Since Law No. 99-5 of January 6, 1999, any dog over four months old must be identified, which means that each dog must have a registration number, which will declare the dog as belonging to you, and which will be registered by the SCC (the Central Canine Society). You will then be given an identification card, which will serve as an identity card for your companion.
There are two ways to identify a dog: the tattoo, little used today, but it is still possible to go through this process, and the electronic identification chip, much more widespread. We will detail the two methods later.
Why identify my dog?
Identification can be used for a variety of purposes, primarily to identify a dog, of course, but can also be used in the event of loss or theft. If your dog has fled, and he is found by pound services, or by an individual who brought him to a veterinarian, the first instinct will be to verify the identification of the dog, to find the owner and be able to contact him.
Identification is also used to link the identity of a handler to his dog and the information related to it (address, telephone number). For example, if the dog is stolen, which is then found in the thief’s garden, your ID card will serve as irrefutable proof that you are the owner of the dog.
Likewise for a divorce, the dog will legally revert to the person to whom it is linked on the identification card, who will be considered to be the legal owner.
In the event of transfer of a dog, an update of its identification card must be made. To do this, you will have to go to a veterinarian so that he can register the change in the dog’s status, and send the new data to the Société Centrale Canine.
Likewise for a move, an update must be made by contacting the SCC to transmit the new information.
Tattooing is the oldest method of dog identification. However, before this was the dermograph tattoo as we know it, which uses the same method as a human tattoo, tattooing was done in a much more barbaric fashion.
Indeed, it was called the clip tattoo. It consisted of placing iron letters with spikes on pliers. Then we put the pliers around the dog’s ear, and we squeezed very hard. And it was done without anesthesia. The identification is often made at the first veterinary visit, needless to say that this very painful practice for the dog, often traumatized the veterinarian for life. This practice is unfortunately still legal, but fortunately it is hardly used any more by the veterinarians who, themselves in a large majority, denounce this practice unnecessarily cruel in our time.
The dermograph tattoo, practiced nowadays, is much less painful but still practiced under general anesthesia. Where a human will be prepared for the pain of a tattoo, a dog will not be, too restless under the influence of pain, for a job that requires precision. The tattoo is often placed in the right ear, but it can also be placed in the left ear or on the inner thighs.
The primary advantage of tattooing is of course its immediate readability. We can directly see, by lifting the ear of a lost dog, if it is identified and therefore take him to a veterinarian to find his master.
However, there are many flaws in the tattoo: it becomes less and less visible over time, being able to go until completely erased, and above all, since July 3, 2011, the microchip is mandatory to travel in the European Union.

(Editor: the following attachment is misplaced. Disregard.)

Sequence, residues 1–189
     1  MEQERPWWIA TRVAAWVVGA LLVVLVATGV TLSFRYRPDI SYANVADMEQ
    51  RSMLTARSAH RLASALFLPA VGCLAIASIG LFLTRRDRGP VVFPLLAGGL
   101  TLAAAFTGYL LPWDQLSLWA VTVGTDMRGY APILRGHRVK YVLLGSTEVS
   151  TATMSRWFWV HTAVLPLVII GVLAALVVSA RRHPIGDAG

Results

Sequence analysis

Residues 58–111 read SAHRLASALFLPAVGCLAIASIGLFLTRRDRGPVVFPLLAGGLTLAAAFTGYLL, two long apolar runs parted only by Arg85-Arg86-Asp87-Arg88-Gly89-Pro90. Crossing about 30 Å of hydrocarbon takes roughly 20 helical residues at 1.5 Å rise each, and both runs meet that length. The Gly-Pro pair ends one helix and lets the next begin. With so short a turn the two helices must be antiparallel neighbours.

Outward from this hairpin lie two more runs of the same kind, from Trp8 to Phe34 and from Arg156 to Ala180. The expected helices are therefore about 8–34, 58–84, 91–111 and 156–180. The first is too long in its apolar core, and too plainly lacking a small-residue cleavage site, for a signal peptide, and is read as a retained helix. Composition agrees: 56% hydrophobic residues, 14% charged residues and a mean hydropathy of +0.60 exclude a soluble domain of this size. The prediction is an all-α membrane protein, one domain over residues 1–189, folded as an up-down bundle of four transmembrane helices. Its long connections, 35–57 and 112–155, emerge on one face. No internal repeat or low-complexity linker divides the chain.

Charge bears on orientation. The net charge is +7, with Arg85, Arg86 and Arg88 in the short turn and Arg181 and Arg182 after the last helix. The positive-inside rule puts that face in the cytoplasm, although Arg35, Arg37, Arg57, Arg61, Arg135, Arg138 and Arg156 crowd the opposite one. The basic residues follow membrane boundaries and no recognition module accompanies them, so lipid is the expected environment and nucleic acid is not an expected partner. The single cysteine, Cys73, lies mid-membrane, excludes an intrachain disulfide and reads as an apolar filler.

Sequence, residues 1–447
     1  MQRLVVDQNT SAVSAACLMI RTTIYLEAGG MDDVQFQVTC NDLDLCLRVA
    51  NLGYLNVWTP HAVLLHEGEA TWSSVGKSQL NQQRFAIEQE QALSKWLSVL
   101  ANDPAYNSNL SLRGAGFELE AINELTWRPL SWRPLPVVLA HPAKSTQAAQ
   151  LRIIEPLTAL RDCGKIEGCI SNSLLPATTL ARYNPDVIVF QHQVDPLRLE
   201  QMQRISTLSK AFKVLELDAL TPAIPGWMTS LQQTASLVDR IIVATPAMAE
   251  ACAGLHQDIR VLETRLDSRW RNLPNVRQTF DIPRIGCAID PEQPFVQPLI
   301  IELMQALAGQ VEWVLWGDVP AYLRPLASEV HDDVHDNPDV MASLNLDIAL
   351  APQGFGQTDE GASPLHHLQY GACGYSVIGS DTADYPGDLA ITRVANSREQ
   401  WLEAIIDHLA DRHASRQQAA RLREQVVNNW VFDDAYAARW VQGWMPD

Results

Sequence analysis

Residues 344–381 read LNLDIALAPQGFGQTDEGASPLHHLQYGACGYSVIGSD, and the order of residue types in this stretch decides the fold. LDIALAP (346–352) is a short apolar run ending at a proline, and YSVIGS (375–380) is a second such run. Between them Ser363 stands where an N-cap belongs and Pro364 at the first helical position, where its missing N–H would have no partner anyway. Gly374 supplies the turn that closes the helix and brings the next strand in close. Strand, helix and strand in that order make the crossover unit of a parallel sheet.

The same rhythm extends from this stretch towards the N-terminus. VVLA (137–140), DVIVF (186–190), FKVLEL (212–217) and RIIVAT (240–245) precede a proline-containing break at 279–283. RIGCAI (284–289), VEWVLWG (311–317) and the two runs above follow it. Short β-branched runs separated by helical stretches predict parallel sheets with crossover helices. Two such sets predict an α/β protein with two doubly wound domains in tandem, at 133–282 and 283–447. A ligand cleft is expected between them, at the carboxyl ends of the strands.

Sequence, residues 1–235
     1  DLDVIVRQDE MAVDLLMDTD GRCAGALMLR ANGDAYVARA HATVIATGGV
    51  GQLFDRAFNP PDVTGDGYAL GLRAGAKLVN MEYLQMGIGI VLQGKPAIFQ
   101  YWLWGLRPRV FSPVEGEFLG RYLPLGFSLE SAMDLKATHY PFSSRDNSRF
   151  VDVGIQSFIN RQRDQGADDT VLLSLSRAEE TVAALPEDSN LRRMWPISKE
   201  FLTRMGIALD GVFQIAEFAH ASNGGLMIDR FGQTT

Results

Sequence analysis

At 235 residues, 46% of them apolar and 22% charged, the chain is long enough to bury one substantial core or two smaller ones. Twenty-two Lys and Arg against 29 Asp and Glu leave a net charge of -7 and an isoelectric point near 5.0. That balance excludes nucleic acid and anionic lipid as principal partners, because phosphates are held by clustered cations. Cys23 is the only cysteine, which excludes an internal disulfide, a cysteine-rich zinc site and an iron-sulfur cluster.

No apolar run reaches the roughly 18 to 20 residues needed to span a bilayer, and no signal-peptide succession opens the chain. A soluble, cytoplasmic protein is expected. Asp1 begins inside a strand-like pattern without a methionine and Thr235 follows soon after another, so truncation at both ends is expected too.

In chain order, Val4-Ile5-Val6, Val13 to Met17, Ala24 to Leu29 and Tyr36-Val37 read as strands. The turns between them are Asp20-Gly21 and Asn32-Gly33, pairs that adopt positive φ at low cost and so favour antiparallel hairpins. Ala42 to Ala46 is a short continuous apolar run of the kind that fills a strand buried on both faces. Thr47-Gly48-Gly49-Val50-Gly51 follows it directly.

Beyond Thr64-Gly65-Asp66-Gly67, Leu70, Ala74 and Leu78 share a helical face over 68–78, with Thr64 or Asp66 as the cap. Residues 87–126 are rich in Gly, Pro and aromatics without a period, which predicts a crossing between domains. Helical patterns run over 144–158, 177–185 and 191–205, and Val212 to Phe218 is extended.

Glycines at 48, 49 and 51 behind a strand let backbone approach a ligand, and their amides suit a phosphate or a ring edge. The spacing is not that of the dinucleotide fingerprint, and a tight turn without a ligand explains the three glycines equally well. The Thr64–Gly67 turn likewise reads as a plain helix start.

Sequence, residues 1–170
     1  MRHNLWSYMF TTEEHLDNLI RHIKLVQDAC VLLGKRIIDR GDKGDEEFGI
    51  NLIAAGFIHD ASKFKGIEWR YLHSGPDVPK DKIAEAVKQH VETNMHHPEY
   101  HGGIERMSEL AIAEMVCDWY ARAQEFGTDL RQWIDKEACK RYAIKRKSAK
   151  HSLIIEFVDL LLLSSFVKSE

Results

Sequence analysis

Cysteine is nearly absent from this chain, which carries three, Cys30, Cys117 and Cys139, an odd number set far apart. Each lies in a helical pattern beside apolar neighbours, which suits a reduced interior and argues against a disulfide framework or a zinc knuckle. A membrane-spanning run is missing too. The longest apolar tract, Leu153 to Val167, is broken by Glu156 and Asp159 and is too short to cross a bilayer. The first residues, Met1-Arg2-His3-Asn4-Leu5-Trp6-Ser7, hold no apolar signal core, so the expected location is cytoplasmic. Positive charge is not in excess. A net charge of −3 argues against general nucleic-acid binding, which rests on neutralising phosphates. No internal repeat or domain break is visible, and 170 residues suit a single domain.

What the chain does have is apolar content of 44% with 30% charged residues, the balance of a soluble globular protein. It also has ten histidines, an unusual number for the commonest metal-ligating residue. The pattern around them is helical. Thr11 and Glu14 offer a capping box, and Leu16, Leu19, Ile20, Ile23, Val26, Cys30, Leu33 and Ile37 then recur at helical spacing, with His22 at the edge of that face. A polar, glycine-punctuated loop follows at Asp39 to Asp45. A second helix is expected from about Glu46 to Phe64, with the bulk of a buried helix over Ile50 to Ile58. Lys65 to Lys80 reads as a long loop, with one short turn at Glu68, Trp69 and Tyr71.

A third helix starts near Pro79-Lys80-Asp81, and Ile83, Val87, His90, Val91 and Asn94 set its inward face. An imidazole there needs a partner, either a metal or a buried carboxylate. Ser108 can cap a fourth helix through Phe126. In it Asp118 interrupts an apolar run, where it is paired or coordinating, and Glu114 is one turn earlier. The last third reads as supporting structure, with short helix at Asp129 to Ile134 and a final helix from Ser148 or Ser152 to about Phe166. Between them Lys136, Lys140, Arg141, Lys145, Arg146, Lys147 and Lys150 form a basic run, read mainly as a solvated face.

The electronic dog identification chip
The electronic chip (also called a transponder), is a small chip, a little bigger than a grain of rice, which is implanted using a syringe at first sight impressive, with its large needle. The operation is usually done without anesthesia (except for dogs that are too sensitive or too aggressive, which could hurt themselves by moving at the wrong time), and the chip is placed in the left jugular groove, therefore in the middle of the left neckline. In some countries, it can be placed between the shoulder blades.
The chip is scanned before being injected, to check that we are not going to chip the dog with a number already assigned.
The injection is not very painful for the dog, who will not suffer any consequences apart from perhaps a little fatigue when returning from the vet.
This chip will allow any authorized person (police, veterinarian, pound, etc.) to carry out an identification check of the dog if necessary, via a chip reader.
The identification of a chip will not be the same as that of a tattoo. It will be a series of 15 numbers, divided into 4 segments, which will each have their meaning:
- the first three represent the country (France is numbered 250).
- the next two represent the animal species (number 26 is used for dogs, cats and ferrets).
- the next two correspond to the laboratory which manufactured the electronic chip.
- the last eight correspond to the identification of the dog.
The chip offers more advantages than the tattoo
The identification by the chip is today the only way to make your dog travel in the European Union: it does not fade and its installation is much simpler than to make a tattoo, much less painful, and does not require anesthesia.
Even if the two ways of doing things still exist, the microchip will be much more recommended.
Identifying your dog is mandatory, you will have to go through it. It’s up to you to choose which method you prefer to use, carefully weigh all the advantages and disadvantages before making your choice, it would be a shame to make your life complicated for an identification story.